"The sounds of language, not the meaning of it, are what infants first learn. It is later on that they are able to associate those sounds with what they mean. A research paper by Brandt concluded that newborns can dissect parts of sound like pitch, timbre, and rhythm. Exposure to music trains babies' brains for language comprehension and the art of speaking."
"A study in the Journal of Neuroscience found that people who have rhythmic abilities have more consistent brain responses to speech. This means that, with musical motion to rhythm such as the activities in the class for babies and toddlers, the brain becomes more attune to processing spoken language.
When it comes to remembering groups of words, such as colors, numbers, body parts or directions, language learners would improve with songs. The University of Edinburgh’s study shows an effective way of memorizing phrases, but this tool of singing new vocabulary can be great for recalling clusters of similar words." Our memory works in associative links, forming paths that connect sound to motion, emotion and event. The stronger the association, the more likely the new vocabulary or skill will remain in long term memory.
AND language is just one example of a skill that can be improved through music training. Music can help with social-emotional development, too. An earlier study by researchers Rabinowitch and Knafo-Noam showed that pairs of eight-year-olds who didn’t know each other reported feeling more close and connected with one another after a short exercise of tapping out beats in sync with each other.
Mindful touching will let your child experience rhythm embodied in their torso or limbs. In many cultures, mothers have their children strapped to them many hours of the day, and the child learns the rhythm of their walk. While few of us can afford to have that much time, we can make the best use of our time by truly being present with our baby singing to a tune, patting the beats on their back, moving their feet to bicycle motions, or even sliding them or swinging them up in motion with the beats of a song. In Music Together class, you will learn other ways to incorporate motions and music to let your child experience embodied rhythm in various ways to build musicianship.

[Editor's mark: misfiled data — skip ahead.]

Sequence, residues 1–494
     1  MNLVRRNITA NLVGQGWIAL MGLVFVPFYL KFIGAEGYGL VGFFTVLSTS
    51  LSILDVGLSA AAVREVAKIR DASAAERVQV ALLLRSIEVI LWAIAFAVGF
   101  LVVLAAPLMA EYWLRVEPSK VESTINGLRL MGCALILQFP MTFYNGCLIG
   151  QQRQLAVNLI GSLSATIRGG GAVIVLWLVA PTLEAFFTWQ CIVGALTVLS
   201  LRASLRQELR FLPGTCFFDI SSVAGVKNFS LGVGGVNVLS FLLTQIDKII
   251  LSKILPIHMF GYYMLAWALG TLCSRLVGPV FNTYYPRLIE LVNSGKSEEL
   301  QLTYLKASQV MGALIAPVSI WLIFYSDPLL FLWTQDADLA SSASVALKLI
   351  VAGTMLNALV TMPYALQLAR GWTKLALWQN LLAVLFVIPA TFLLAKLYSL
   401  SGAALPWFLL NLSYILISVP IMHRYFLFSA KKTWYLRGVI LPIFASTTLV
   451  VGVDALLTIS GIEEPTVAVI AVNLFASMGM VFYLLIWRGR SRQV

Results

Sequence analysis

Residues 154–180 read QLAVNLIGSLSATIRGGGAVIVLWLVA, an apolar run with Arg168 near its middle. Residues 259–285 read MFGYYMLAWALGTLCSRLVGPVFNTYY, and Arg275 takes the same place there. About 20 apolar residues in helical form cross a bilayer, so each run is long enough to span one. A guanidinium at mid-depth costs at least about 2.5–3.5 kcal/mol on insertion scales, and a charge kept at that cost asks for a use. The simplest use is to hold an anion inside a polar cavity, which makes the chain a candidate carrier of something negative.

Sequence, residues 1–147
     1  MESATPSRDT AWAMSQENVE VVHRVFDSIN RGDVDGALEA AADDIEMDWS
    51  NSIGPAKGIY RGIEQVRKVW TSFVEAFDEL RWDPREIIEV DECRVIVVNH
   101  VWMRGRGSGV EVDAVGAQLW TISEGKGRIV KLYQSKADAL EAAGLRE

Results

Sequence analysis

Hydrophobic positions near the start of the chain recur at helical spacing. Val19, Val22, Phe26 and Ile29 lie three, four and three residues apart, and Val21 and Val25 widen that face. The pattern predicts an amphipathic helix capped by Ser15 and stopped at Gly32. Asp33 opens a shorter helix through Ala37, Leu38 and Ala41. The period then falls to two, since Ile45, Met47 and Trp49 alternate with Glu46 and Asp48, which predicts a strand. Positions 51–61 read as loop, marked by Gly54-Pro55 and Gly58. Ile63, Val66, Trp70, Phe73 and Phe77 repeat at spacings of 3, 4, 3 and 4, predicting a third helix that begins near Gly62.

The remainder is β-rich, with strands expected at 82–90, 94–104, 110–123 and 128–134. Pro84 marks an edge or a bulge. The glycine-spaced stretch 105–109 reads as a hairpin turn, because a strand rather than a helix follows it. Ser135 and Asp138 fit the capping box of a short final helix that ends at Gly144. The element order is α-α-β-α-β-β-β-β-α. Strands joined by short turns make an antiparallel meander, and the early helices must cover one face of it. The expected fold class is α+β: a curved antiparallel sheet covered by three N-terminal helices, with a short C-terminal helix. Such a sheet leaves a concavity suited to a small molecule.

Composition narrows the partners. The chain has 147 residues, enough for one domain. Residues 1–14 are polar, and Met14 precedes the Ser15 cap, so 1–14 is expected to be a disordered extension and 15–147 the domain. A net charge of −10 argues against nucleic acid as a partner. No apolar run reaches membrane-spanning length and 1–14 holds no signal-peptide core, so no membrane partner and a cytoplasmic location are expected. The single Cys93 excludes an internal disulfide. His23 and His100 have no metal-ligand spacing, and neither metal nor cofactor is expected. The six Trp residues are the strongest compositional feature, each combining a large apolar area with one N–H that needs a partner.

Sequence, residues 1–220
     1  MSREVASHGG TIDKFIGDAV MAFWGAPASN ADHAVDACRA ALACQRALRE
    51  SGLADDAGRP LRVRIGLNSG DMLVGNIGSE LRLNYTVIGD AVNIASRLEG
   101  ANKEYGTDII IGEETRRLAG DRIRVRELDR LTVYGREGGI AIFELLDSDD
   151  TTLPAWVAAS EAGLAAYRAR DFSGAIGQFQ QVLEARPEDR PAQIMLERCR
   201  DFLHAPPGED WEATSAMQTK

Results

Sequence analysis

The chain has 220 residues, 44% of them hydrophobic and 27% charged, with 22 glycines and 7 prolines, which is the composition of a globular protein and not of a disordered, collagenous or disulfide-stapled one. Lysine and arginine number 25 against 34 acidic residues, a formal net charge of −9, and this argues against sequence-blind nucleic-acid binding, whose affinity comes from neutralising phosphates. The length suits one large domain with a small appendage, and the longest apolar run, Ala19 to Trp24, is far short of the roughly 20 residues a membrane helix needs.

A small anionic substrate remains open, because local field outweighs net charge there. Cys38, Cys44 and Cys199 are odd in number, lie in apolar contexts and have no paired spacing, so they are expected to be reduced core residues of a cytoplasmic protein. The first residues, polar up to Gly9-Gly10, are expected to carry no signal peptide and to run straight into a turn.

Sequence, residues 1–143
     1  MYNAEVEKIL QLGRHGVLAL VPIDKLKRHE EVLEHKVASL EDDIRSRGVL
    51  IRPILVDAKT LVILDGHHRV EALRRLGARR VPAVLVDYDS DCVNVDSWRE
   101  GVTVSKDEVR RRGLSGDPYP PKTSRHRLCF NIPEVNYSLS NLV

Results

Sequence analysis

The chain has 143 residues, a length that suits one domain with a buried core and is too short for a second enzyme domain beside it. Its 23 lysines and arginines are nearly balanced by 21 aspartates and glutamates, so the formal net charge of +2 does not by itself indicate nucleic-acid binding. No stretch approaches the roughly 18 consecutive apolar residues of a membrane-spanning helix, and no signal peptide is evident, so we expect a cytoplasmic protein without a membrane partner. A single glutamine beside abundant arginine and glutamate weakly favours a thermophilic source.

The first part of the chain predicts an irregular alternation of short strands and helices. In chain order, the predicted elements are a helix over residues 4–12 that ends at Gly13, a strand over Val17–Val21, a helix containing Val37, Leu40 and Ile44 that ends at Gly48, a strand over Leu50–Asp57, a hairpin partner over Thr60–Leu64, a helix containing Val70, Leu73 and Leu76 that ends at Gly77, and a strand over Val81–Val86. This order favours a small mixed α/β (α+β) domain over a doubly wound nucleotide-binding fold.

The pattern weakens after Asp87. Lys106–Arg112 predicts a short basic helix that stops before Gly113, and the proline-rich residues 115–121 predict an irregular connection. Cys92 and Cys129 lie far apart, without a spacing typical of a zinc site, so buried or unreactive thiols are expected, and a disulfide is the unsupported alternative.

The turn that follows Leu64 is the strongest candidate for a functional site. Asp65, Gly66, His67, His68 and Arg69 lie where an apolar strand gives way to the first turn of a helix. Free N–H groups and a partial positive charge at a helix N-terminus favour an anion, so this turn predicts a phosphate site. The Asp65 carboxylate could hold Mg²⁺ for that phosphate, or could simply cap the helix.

Did you know?
Babies can hear in the womb at 19 weeks (Hepper and Shahidullah, 1994) and they learn music as they learn languages, through adult modeling and interaction. In your Music Together class, you will explore ways to make music with and for your baby, how to respond to cooing and bouncing...
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Jim and Bang Lang are licensed Music Together® Center Directors and registered Music Together teachers. They have enjoyed teaching children of all ages for 25 years. They love nurturing the love of music from infancy through retirement. They would like to increase everyone's S.Q. (Silly Quotient) with fun-filled classes. Their bios can be found on their school website below.